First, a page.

• In the proposed mockups property photos are front and centre with the aim of drawing you in to the rest of the listing.  Key photos would rotate on a carousel banner with a mobile responsive design that works with mobile touch devices
  • The property name and postcode is present on every page – drawing on the design of old London street signs – as featured on their postcard flyer
  • A bold black line causes the For Sale / To Let label and price to stand out, with navigation tabs below echoing the sites overall navigation design
  • A new property summary column appears on the right side of every listing – detailing key features of the property such as location, floor size, number of bedrooms and bathrooms.  In the existing site these details do not stand out – making the property harder to read and more difficult to compare
  • A map would be integrated into the property summary page to make this key information easily accessible
  • Introduction of enquiry buttons and social media sharing icons make this listing easy to enquire about or promote to friends – both key actions in converting viewers to enquiries and then renters or buyers
  • Two different colours would be used for sales and for listing. Sales would use the red accent colour, whilst listings would use the mustard yellow accent colour.  This will help to quickly visually differentiate different functions of the site

Enhancing the property listing page

When performing competitive audit of other estate agent sites it was apparent that most, like this one, were not transparent about fees and overall costs to buy or rent.  Sure all had headline numbers for weekly/monthly rent or sale price – but the unknown around hidden costs make for a scary experience for property seekers.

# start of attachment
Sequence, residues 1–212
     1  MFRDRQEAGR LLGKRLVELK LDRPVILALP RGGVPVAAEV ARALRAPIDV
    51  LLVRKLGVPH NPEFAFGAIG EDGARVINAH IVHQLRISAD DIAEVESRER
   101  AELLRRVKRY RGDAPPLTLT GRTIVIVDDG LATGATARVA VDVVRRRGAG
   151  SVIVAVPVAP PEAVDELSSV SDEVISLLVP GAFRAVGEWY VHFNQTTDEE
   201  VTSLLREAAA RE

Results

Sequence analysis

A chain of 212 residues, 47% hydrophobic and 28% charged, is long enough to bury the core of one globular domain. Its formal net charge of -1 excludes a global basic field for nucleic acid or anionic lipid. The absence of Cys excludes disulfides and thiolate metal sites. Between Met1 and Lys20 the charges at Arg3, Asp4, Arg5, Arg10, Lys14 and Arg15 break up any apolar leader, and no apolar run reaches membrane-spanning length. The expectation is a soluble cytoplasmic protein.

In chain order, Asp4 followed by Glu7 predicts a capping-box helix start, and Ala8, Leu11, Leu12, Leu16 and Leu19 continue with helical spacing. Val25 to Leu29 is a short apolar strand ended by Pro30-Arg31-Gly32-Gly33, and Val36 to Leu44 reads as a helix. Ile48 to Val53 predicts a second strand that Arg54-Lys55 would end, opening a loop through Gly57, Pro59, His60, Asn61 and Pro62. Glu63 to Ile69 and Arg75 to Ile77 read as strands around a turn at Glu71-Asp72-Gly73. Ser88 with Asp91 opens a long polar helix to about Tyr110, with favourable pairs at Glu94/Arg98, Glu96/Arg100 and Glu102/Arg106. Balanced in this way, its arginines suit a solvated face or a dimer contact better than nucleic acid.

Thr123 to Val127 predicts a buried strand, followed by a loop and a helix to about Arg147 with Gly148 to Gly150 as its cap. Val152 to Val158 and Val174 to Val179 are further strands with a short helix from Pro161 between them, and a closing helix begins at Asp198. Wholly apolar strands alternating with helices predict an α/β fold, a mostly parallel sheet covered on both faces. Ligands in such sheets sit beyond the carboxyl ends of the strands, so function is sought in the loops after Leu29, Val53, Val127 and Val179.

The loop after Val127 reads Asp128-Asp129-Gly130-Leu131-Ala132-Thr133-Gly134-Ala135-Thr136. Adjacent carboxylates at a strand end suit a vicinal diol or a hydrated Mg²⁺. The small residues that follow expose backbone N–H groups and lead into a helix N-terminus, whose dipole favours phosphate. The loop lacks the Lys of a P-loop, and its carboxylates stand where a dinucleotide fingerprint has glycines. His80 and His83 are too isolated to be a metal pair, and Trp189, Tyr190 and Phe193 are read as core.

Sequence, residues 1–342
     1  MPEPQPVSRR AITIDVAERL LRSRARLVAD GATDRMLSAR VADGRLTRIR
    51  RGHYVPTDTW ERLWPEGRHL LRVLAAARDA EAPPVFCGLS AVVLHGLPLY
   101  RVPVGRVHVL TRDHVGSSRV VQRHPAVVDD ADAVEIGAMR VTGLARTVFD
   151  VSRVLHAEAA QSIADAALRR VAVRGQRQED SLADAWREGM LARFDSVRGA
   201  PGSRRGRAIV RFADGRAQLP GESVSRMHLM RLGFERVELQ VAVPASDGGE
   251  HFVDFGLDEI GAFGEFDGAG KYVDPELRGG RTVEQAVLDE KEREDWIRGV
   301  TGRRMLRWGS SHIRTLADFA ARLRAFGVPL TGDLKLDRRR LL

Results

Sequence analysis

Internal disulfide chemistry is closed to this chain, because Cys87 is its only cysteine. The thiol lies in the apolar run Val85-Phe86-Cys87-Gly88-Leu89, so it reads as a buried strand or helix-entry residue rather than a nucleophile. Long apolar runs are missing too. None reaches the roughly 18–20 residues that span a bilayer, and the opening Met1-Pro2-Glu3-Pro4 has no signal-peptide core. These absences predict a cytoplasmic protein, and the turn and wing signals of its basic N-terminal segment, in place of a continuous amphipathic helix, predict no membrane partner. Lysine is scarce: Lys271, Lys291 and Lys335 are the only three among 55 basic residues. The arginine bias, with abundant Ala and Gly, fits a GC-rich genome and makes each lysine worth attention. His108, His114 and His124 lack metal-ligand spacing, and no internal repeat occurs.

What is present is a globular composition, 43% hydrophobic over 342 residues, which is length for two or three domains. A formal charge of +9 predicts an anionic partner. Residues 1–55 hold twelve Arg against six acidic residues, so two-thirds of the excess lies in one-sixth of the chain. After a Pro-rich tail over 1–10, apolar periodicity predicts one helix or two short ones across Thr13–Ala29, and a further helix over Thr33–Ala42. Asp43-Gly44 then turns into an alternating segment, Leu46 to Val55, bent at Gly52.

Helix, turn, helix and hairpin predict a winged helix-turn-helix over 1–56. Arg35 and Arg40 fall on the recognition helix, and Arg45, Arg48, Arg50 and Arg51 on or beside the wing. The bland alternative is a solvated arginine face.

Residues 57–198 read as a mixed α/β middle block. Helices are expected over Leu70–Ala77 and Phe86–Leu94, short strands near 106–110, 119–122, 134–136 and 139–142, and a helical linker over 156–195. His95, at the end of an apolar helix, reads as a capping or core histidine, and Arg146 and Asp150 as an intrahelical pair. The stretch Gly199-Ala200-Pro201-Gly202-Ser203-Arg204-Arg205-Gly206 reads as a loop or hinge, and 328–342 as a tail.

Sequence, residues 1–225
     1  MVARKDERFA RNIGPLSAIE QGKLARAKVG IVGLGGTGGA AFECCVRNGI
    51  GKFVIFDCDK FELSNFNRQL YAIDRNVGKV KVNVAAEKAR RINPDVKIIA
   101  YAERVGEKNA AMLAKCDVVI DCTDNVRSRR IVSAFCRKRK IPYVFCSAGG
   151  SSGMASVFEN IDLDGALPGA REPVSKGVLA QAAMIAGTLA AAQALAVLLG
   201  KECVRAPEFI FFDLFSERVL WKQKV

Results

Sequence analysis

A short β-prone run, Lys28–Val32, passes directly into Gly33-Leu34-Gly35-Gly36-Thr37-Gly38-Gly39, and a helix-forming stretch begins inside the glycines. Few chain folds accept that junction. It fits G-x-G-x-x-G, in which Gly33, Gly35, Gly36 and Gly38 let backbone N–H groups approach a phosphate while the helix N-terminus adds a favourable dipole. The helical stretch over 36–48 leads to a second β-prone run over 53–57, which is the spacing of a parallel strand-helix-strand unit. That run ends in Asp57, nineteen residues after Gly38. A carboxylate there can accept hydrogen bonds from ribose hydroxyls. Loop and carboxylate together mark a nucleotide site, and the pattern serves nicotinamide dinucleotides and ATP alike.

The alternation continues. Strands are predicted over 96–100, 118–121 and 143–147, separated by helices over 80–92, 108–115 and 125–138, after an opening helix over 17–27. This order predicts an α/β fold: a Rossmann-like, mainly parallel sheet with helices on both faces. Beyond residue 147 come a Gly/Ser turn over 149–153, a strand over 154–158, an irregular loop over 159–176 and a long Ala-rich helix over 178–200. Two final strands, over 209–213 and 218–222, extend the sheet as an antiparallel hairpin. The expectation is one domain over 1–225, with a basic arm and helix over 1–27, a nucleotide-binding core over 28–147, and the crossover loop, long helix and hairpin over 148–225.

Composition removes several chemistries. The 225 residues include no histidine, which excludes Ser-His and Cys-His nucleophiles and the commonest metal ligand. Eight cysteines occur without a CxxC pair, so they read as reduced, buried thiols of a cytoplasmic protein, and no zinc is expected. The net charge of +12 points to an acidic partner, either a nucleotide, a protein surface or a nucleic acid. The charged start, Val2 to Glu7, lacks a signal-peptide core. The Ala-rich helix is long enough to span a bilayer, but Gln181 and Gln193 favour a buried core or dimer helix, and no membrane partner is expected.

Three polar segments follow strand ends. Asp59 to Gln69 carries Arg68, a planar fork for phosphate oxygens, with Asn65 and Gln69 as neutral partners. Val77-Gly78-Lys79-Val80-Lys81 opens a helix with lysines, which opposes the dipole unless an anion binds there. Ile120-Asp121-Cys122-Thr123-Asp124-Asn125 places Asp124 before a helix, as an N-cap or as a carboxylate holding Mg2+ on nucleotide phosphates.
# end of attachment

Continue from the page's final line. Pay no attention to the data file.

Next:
A simple way to address this is to be upfront with this information.  I proposed that by integrating this info into property listing pages the agents could increase transparency, and therefore trust with their customers. By being upfront, they could help renters and new home owners plan – and in doing so differentiate themselves from the competitors.


New concepts – Community details

Exploring the website, there was no way to get a sense of what the area had to offer.  The site focused on properties and details of the estate agents.

A new concept I introduced through my mockups was Local Area.  The idea being that the estate agents could curate a set of locations for each of the areas – detailing what is in the area, commute distance, photos of the area, and link up to local events from other websites.  Photos could be taken by their photographers – or could be crowdsourced through social media.  The aim of this section was to sell the dream of what it would be like to live in the area.  For renters and buyers not familiar with the area the aim is to show the colour and diversity – enlightening the reader about the numerous transportation options and local amenities.

From the estate agents perspective these pages could be created centrally and linked to in the listing backend to then display on property listings pages.  Transport details could be drafted for the area, then overridden per property by copying the default and tweaking to the properties specific location.

The images to the right (click to enlarge) are two mockups of this concept.


Darren is an experienced product manager currently working in the Real Estate industry. He is passionate about using data, listening to people and focusing on user experience to identify and solve real problems and in doing so to make a lasting impact for our communities.